An increase in PD risk comes with increasing intake of foods that contain animal fat and foods containing vitamin D. Intake of fruits, vegetables, meats, bread and cereals, or foods containing vitamins A, C, E, or iron was not significantly related to PD risk. Vitamin use, in general, was also not found to be related to PD risk, although a significant trend of increasing risk of PD was noted for intake of vitamin A supplements. The tryptophan (TRP)-kynurenine (KYN) metabolic pathway is the primary catabolic route of TRP metabolism, converting over 95% of TRP into a variety of bioactive metabolites such as anti-inflammatory, antioxidative, proinflammatory, neurotoxic, neuroprotective, and immunologic compounds. Furthermore, kynurenine pathway (KP) enzymes influence inflammation and the immune system. Alterations in the KP enzymes’ activity and the levels of the KP metabolites have been linked to neurological disorders, cancer, autoimmune conditions, and inflammation. However, the functions of KP enzymes and metabolites in the development and progression of many diseases constitute a field of medicine that has received comparatively little attention. An illustration of this is the relationship between kynurenines (KYNs) and the KP enzymes, which have been linked to a variety of diseases, including cancer, autoimmune diseases, inflammatory diseases, neurologic diseases, and mental disorders. One of the key immune response regulators and a potential player in the inflammatory response in parkinsonism is the KP, the primary catabolic route for tryptophan. The KP produced various neuroactive compounds and has both neurotoxic and neuroprotective effects [39]. These disorders are related with amyloid-β (Aβ), alpha synuclein (α--Syn), and prion protein (PrP) depositions in the brain, which cause synaptic disconnection and eventual progressive neuronal death. Although continued progress has been made in understanding the aetiology of many neurological disorders, the precise mechanisms of their origins remain largely unclear. A growing body of evidence implies association between host microbiota, neuroinflammation, and dementia, either directly due to bacterial brain invasion via barrier leakage and the generation of toxins and inflammation, or indirectly by altering the immune response and causing PD-like symptoms [40].
Ursolic acid is a naturally occurring pentacyclic triterpenoid carboxylic acid found in many plants, including apples, basil, bilberries, cranberries, peppermint, rosemary, and oregano. Several biochemical and pharmacological actions of ursolic acid have been described in various experimental systems, including anti-inflammatory, antioxidative, anti-proliferative, anti-cancer, anti-mutagenic, antiatherosclerotic, anti-hypertensive, anti-leukemic, and antiviral characteristics [41][42]. Ursolic acid inhibits MPTP-induced dopaminergic neurotoxicity through the NF-B pathway. Ursolic acid’s anti-inflammatory action has been attributed mostly to its neuroprotective potential. Although the chemical mechanism behind ursolic acid’s neuroprotective impact remains unknown, the findings suggest that ursolic acid might be employed as a viable medication in the treatment of Parkinson’s disease symptoms. As a result, the ability of ursolic acid to rescue dopaminergic neurons from neurodegeneration may imply a role for therapeutic intervention in PD [43].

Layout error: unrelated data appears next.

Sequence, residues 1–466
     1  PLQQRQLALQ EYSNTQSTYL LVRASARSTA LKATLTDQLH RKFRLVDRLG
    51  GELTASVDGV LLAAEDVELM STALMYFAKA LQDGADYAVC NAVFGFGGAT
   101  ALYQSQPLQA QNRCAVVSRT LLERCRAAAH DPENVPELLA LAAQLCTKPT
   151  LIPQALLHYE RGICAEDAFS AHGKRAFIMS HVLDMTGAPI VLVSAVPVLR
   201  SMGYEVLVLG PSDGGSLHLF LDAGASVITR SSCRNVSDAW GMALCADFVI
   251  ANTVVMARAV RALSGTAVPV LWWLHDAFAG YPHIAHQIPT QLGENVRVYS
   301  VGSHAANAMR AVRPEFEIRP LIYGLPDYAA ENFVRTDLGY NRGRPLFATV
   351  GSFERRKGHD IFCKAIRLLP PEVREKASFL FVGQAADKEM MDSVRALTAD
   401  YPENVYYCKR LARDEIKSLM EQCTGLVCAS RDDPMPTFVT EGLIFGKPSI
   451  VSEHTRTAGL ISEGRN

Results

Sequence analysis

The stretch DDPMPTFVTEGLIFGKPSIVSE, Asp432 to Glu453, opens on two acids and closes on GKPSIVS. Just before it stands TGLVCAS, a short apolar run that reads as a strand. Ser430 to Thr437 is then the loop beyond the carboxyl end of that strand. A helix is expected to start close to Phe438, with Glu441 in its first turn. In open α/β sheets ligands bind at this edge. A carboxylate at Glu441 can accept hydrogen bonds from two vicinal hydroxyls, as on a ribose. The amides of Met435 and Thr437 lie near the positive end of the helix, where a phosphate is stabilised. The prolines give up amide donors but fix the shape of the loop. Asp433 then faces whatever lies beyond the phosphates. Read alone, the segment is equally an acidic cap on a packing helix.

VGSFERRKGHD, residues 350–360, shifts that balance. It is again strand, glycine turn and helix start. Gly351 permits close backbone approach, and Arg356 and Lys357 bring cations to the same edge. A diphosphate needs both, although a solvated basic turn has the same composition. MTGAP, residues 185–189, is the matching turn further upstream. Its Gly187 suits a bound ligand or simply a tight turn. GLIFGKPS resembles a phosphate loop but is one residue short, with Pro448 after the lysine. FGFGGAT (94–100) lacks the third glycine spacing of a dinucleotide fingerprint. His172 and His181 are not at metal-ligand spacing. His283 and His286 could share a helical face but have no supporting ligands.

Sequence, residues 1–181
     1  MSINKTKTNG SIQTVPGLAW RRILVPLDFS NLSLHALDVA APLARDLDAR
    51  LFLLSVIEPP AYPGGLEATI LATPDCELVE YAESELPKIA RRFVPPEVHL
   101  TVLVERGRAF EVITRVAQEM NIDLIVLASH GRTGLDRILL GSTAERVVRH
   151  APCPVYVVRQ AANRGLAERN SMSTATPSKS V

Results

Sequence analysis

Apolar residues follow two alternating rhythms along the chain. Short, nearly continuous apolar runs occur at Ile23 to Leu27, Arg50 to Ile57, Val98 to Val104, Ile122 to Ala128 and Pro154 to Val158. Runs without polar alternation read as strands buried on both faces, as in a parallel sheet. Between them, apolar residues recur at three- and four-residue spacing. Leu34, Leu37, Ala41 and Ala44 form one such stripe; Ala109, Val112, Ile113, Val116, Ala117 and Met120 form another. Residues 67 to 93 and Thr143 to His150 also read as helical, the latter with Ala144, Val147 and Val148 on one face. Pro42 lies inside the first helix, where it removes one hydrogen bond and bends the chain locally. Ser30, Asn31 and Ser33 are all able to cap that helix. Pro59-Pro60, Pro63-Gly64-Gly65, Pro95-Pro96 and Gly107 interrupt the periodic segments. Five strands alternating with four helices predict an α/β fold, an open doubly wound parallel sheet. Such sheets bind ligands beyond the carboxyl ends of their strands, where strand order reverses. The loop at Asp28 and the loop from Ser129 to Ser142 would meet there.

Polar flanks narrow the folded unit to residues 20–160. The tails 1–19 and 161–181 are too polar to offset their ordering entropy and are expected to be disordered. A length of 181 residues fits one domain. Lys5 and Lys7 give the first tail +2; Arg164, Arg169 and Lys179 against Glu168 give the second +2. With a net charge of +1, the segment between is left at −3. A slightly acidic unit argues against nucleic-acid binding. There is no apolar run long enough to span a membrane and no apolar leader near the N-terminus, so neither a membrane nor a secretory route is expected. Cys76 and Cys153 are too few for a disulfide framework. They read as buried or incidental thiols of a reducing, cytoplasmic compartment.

Chlorogenic acid (CGA), a polyphenolic molecule present in many plants, is particularly prevalent in green coffee beans, which contain roughly 5–12% CGA by weight [44]. CGA is a trans-cinnamic acid ester (which includes caffeic acid, ferulic acid, and p-coumaric acid) and quinic acid. It is widely consumed by individuals and may be found in various drinks and food items [45]. It is mainly found in fruits and vegetables such as apples, apricots, cherries, plums, and tomatoes. Wine, coffee, and tea are the most prevalent CGA-rich drinks [46]. They have anticancer efficacy, cardioprotective properties, and may have neuroprotective activities [47]. Evidence suggests that CGA has a variety of biological effects, including antioxidant, neuroprotective, and neurotrophic properties [48]. Therefore, CGA can potentially be a powerful anti-inflammatory drug in preventing neurodegeneration in PD. It exerts its effects primarily by suppressing the production of iNOS, TNF- α, and NF-κB in activated glial cells, ultimately decreasing neuroinflammation via increased anti-inflammatory and antioxidant activity [49]. Thus, CGA’s anti-inflammatory effect and its high antioxidant characteristics can be utilized to treat the inflammatory state associated with PD [50].

2. Normal Physiology and Pathology of Mitochondria

Mitochondria is the powerhouse of the cell, including the production of energy through the mitochondrial respiratory chain, cell death regulation, calcium metabolism, and production of ROS [51][52]. Mitochondria is the primary source of free radical generaation in the cell resulting in OS. The mitochondrial ETC involves five complexes I-V embedded in the inner mitochondrial membrane, which involve the transfer of reducing equivalents from high-energy compounds to oxygen through Kreb’s cycle [53][54]. The mutations in specific genes such as Parkin, alpha-synuclein, DJ-1, LRRK2, PTEN-induced kinase 1 (PINK 1), and vacuolar protein sorting 35 (VSP35) support the mitochondrial dysfunction in PD [55][56]. Also, the toxins such as rotenone, MPTP, and paraquat alter mitochondrial respiration in PD. These toxins cause the deficiency in mitochondrial complexes’ activity [57], reduce the movement of mitochondria, and mitigate generation of reactive oxygen species (ROS) [58], thereby leading to PD-like symptoms (Figure 2).
Figure 2. Degeneration of DAergic neuronal death by different neurotoxins.